Celebrating 10 years! 2007-2017

Insurance Defense is nowhere near the worst area of law

Insurance defense in my opinion is no way near the worst are ambulancechaser201301/27/17
Umm okay??? Is this just a post to explain the joys of Insur cocolawyer01/27/17
My point is, you can lateral into another civil litigation j ambulancechaser201301/27/17
Workers' comp, Social Security and immigration are not what passportfan301/27/17
Prestige in the legal profession, to me anyway, is how much ginganinja01/27/17
Worker's Compensation is interesting insofar as you're deali parlance01/28/17
It really just depends. Some insurance defense practices are jj1001/28/17
I don't know how anyone could determine which practice area e36m301/28/17
Small business tax controversy is pretty horrific, the clien kansas02/11/17
I do ID and I don't really think its bad. I can actually see shikes02/11/17
That's the right mentality. The seminal moment for me was wh e36m302/12/17
Billable hours are a product of the firm, not the associate. shikes02/12/17
I'm a big fan of tort law, insurance law, and civil procedur ambulancechaser201302/12/17
Absolutely loathed ID. I love anti-money laundering, interpr mtobeinf02/12/17
I've always thought low level collections law has got to be zuma02/13/17
ambulancechaser2013 (Jan 27, 2017 - 6:06 pm)

Insurance defense in my opinion is no way near the worst area of law. I've seen a lot of posts on this topic and I just have to disagree.


I consider administrative law the worst. Workers' Compensation, social security, or immigration law.

You have no transferable skills if you do workers' comp or the other two and are stuck in that. On top of the fact that for many lawyers (not saying all, but many) your ego takes a huge hit. I understand if you are running a mill and making $500,000.00 a year pounding through comp claims, but no money and no ego. Tough sledding.

Insurance defense makes you a civil litigation pro. Less so on the plaintiffs' PI side as most of those cases settle at the claim level/pre-litigation.

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cocolawyer (Jan 27, 2017 - 6:16 pm)

Umm okay??? Is this just a post to explain the joys of Insurance Defense? I don't get it.

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ambulancechaser2013 (Jan 27, 2017 - 6:19 pm)

My point is, you can lateral into another civil litigation job if you market yourself well enough. Some people do not even have that option.

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passportfan3 (Jan 27, 2017 - 7:44 pm)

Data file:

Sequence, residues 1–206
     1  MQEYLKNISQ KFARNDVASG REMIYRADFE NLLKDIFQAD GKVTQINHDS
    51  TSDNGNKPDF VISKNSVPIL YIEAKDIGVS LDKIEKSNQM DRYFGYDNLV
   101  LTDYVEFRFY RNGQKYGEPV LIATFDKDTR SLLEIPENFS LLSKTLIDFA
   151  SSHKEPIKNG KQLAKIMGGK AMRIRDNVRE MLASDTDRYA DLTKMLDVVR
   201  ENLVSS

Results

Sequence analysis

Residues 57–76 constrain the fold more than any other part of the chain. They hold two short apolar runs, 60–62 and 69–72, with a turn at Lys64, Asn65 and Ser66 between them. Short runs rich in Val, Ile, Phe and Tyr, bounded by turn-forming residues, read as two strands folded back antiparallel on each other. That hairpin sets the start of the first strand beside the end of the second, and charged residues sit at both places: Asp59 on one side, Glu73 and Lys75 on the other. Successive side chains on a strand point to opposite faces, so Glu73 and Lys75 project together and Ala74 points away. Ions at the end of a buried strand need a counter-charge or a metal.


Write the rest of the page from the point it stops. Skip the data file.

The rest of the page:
Workers' comp, Social Security and immigration are not what lawyers mean when they talk about "administrative law."

Yes, these fields require an understanding of administrative law principles, but they are usually referred to specifically as "workers' comp," "Social Security" and "immigration."

"Administrative law" usually refers to a tweedy and pointy-headed discipline practiced mainly by professors, government lawyers, and private practitioners who represent wealthy clients in front of government boards.

Why is a doctor defending his license "administrative law," while an injured roofer seeking workers comp not considered "administrative law"?

Because this is the legal profession: performing services for a wealthy client is prestigious, and performing the identical services for a working-class client is not prestigious.

So different labels have to be used to clearly demarcate everyone's rank.

That argument that law merely replicates existing social hierarchies? I kinda buy it.

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ginganinja (Jan 27, 2017 - 10:08 pm)

Prestige in the legal profession, to me anyway, is how much $ you're pulling. I'm more impressed with the "one call that's all" PI guy's yacht than I am with the big law partner's magazine cover in a periodical no-one reads.

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parlance (Jan 28, 2017 - 12:54 am)

Worker's Compensation is interesting insofar as you're dealing with a fairly automatic statutory process, but also a fact-finding system that is relatively inflexible. While I've dealt with some fairly ornery people in the Worker's Compensation process, it's not a job that anyone can do. For the record, a Worker's Compensation hearing is no joke when it comes to being fully prepared and knowing your case from soup to nuts. They ask detailed questions aimed at resolving the case down to the nitty gritty. It's that way because you're asking the state for money, and as such, the process requires a rigorous discovery mechanism, that all in all, does its job rather efficiently.

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jj10 (Jan 28, 2017 - 10:08 am)